Monday, 3 November 2008
The compact town of South Queensferry is the perfect place from which to observe and photograph the Forth bridges. It also provides an attractive frame through which to photograph the bridges. Like Hokusai’s Mount Fuji, the rail bridge has a habit of sneaking into the most unexpected locations as well as the more obvious. This small selection of images was made with the full co-operation of local bystanders, railings, lamp posts, masts and passing trains and cars.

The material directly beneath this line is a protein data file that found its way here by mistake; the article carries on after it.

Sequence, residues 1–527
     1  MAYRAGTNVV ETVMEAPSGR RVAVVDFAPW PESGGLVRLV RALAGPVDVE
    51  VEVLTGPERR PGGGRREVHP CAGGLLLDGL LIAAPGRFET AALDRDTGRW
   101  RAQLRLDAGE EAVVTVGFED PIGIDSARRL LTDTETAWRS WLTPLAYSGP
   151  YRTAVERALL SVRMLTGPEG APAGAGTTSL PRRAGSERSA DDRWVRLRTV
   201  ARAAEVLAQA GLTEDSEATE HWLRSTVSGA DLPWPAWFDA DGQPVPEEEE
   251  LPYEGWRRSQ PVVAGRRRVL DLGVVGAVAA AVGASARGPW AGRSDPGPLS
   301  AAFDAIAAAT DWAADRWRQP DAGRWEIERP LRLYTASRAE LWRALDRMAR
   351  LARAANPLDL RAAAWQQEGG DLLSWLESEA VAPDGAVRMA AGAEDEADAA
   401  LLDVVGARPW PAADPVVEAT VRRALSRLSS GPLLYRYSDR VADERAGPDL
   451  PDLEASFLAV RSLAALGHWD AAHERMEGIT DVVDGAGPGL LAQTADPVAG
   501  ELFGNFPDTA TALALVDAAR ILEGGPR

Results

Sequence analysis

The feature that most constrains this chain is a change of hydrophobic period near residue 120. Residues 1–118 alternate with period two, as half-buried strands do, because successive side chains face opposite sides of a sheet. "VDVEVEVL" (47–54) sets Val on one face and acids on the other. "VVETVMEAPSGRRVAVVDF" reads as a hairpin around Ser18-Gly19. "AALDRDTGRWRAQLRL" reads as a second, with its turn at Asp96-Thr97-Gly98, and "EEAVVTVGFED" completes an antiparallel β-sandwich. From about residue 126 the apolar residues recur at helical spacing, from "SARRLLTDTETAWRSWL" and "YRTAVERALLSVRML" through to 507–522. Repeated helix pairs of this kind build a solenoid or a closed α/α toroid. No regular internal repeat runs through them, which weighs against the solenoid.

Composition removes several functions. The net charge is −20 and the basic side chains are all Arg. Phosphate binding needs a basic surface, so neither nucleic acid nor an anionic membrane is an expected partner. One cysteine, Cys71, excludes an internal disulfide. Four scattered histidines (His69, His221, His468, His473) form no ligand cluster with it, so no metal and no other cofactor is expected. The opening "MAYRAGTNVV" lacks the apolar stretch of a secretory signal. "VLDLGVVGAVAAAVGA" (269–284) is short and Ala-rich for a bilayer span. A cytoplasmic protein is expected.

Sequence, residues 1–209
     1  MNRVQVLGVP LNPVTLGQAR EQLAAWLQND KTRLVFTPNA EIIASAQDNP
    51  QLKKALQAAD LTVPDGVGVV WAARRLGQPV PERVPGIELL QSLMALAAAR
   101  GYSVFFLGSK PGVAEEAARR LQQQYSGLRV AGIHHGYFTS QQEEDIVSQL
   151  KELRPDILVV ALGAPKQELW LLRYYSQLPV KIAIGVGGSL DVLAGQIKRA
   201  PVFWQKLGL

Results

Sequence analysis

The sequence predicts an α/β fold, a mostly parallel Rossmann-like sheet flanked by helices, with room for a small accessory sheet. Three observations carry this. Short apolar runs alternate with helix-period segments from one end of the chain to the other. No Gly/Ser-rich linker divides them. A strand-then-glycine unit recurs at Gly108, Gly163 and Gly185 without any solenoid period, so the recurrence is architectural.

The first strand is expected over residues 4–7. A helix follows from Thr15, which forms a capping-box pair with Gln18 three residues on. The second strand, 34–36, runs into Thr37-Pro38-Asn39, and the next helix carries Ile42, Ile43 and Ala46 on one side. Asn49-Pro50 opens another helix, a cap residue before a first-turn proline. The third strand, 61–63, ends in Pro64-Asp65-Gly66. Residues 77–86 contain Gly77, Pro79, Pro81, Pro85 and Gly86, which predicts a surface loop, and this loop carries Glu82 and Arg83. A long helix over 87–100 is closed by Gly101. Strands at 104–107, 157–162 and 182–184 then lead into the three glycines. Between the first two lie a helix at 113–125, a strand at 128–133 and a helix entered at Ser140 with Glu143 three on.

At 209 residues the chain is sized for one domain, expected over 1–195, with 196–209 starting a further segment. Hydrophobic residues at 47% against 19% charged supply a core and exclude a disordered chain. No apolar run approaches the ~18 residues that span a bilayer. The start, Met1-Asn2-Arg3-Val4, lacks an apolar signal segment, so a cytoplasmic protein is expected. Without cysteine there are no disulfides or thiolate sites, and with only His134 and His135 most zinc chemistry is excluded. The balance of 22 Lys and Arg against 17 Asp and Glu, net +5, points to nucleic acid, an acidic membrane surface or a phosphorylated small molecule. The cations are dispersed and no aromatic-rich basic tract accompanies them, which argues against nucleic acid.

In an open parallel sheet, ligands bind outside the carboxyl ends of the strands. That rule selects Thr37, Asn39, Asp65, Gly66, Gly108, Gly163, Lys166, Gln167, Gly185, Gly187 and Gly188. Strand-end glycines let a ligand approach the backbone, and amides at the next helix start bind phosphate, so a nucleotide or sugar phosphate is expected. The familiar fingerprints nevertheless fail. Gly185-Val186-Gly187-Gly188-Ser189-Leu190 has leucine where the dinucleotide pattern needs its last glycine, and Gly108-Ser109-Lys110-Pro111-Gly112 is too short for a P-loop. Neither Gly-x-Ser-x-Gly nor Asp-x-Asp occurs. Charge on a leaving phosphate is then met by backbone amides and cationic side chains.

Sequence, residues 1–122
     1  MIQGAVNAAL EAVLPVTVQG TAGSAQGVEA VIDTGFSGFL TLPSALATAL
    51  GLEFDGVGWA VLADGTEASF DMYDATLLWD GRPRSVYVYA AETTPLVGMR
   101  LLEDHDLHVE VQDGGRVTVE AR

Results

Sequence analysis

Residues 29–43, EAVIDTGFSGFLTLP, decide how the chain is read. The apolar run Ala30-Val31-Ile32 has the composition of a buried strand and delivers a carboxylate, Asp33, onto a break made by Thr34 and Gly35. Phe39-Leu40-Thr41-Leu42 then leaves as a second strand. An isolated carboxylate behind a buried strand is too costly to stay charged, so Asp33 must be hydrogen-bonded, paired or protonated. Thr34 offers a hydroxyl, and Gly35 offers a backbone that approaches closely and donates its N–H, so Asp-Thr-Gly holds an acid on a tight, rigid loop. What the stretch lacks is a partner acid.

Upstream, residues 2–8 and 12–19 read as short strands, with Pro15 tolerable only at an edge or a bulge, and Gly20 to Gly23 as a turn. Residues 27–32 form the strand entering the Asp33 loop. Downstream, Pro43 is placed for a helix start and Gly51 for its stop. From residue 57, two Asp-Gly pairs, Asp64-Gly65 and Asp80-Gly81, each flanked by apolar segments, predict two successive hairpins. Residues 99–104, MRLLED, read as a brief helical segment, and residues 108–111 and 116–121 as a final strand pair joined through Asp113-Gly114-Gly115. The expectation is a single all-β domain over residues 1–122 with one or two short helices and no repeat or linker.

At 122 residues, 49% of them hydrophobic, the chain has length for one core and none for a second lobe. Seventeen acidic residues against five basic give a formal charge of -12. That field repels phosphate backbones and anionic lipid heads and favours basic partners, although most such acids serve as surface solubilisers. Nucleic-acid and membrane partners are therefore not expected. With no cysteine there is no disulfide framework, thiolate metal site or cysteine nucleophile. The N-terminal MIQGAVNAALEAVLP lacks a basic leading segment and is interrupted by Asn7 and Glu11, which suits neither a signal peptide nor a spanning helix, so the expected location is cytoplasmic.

The appeal of this bridge is hard to describe without resorting to a vocabulary of weight, power and mass related superlatives. If we take another direction and write about its defiance of gravity or the marriage of engineering and architecture, the air can quickly become thick with purple prose. In fact the bridge makes only the most minor concessions to the language of architecture and the Victorian master of architectural ornamentation, Alfred Waterhouse, observed, “One feature especially delights me – the absence of all ornament. As it is, the bridge is a style unto itself; the simple directness of purpose with which it does its work is splendid and invests the vast monument with a kind of beauty of its own.” It’s remarkable that Waterhouse, who applied decorative features to his own designs with such fluency, should have shown the generosity of spirit to appreciate the virtues of a structure that stood so emphatically in opposition to that practice.